Thought Process about Make or Buy Decisions References

Leiblein, M. J., Reuer, J. J., & Dalsace, F. (2002). Do make or buy decisions matter? the influence of organizational governance on technological performance. Strategic Management Journal, 23(9), 817-833. doi:10.1002/smj.259

Kistruck, G. M., Morris, S. S., Webb, J. W., & Stevens, C. E. (2015). The importance of client heterogeneity in predicting make-or-buy decisions. Journal of Operations Management, 33-34, 97-110. doi:10.1016/j.jom.2014.11.001


Parmigiani, A. (2007). Why do firms both make and buy? an investigation of concurrent sourcing. Strategic Management Journal, 28(3), 285-311. doi:10.1002/smj.580

Mols, N. P. (2010). Economic explanations for concurrent sourcing. Journal of Purchasing and Supply Management, 16(1), 61-69. doi:10.1016/j.pursup.2009.09.001

Sappington, D. E. M. (2005). On the irrelevance of input prices for make-or-buy decisions. The American Economic Review, 95(5), 1631-1638. doi:10.1257/000282805775014344

Satterlee, B. (2018). Cross border commerce (3rd ed.). Raleigh, NC: Synergistics International Inc. ISBN: 9781934748176.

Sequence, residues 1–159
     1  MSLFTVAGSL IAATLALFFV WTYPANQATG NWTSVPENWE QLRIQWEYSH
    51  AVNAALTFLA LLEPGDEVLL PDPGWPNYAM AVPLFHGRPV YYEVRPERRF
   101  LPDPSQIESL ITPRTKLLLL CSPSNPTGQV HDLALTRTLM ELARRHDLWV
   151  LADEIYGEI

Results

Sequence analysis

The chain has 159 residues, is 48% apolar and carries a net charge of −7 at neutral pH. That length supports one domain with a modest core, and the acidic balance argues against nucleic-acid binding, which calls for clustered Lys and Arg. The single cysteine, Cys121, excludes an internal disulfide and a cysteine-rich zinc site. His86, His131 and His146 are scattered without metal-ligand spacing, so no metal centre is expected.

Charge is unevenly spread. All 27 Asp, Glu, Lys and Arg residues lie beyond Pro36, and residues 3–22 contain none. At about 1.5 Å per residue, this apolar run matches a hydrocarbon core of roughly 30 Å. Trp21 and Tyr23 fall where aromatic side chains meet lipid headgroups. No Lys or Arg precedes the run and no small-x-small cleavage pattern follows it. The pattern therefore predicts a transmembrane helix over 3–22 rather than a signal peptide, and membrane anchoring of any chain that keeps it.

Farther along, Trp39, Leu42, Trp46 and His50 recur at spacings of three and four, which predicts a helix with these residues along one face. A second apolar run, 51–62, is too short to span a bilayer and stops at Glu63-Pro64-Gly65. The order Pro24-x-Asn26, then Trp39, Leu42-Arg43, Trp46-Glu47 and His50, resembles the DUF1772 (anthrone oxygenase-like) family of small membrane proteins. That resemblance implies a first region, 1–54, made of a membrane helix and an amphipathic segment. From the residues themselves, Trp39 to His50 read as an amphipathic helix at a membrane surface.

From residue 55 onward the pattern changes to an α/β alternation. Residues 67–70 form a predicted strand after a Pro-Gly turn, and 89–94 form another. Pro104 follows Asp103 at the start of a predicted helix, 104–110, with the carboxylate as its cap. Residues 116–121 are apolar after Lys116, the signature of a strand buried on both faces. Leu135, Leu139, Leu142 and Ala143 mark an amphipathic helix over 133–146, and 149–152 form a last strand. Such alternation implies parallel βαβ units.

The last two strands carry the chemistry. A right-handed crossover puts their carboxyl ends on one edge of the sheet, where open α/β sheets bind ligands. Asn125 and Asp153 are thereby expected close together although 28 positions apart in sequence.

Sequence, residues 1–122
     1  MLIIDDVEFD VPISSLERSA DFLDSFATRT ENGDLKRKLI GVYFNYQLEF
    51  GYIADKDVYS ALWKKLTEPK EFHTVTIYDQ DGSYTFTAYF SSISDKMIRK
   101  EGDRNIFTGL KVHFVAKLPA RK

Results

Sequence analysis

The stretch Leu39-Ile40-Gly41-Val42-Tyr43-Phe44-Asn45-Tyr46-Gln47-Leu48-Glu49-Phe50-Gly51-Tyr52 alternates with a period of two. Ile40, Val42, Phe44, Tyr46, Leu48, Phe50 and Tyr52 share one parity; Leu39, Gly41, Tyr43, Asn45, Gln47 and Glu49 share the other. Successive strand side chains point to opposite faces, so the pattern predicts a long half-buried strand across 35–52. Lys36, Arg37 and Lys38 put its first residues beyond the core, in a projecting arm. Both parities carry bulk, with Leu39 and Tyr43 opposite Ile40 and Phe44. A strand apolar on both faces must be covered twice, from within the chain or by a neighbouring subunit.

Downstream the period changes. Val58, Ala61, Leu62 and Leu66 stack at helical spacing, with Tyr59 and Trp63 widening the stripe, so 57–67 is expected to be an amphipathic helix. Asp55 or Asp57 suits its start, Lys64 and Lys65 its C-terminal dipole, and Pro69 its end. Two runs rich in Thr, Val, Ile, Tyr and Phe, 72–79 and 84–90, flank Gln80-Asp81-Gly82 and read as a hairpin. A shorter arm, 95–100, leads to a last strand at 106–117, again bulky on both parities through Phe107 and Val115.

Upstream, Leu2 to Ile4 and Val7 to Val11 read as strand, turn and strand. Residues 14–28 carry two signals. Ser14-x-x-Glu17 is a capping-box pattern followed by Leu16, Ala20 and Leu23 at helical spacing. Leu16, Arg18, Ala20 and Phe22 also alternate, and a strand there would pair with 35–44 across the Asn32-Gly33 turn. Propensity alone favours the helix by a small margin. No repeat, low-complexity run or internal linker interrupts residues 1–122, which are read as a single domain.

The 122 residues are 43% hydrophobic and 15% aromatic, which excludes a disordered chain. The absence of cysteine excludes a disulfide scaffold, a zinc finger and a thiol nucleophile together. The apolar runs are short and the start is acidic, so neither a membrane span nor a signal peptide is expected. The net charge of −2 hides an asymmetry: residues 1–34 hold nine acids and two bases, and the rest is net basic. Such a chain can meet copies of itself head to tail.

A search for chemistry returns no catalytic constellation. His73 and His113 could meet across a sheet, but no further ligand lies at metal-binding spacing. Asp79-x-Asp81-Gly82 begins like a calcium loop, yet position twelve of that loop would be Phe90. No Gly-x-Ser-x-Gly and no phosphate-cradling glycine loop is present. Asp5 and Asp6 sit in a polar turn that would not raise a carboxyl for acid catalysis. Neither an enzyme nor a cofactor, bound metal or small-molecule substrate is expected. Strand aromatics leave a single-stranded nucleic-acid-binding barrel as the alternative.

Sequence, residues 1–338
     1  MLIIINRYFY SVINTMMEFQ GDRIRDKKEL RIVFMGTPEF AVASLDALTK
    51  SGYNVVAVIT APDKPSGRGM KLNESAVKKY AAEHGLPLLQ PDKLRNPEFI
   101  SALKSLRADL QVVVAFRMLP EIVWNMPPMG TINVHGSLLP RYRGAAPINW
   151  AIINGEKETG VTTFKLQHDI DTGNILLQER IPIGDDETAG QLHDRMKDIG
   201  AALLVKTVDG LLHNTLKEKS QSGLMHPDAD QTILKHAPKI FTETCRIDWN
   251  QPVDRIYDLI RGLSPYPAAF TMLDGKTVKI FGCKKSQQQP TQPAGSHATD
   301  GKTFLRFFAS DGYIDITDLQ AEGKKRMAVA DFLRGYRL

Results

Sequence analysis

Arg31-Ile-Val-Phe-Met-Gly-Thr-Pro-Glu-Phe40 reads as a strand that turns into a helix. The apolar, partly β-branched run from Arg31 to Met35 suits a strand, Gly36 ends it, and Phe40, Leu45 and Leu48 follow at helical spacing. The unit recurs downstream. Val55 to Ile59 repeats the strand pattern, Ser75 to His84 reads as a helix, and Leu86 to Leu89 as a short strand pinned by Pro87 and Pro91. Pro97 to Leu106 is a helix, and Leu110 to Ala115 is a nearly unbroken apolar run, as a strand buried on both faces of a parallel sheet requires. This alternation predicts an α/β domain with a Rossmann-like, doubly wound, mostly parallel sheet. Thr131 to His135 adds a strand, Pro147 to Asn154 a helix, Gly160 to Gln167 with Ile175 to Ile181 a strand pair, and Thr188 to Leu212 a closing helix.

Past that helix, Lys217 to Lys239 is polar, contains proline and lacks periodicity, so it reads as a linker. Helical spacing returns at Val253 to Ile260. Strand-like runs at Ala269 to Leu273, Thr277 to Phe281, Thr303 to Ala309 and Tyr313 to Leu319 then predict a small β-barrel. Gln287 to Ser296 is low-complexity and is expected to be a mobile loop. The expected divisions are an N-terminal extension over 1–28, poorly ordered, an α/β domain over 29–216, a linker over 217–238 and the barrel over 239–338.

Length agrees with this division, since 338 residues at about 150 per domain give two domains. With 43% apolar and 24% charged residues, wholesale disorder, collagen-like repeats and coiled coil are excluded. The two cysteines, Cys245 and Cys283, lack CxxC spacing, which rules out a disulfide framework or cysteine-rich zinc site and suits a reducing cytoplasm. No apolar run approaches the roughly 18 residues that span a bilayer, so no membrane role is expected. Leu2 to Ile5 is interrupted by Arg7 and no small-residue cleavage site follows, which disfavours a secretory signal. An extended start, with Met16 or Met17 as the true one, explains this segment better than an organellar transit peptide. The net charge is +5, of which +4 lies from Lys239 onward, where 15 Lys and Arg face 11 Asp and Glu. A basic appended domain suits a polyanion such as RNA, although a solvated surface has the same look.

DB essay 3: Strategic Alliance

A vast amount of business around the world utilize strategic alliances to gain access to the global market. This term was chosen for this week’s discussion board because the company I work for has formed a strategic alliance with numerous other companies and I would like to gain a more in-depth understanding of why companies utilize this strategy. I work for Delta Airlines and I have seen the benefits that strategic alliances have given the company in the international market space.

Thought Process about Make or Buy Decisions Explanation of Key Term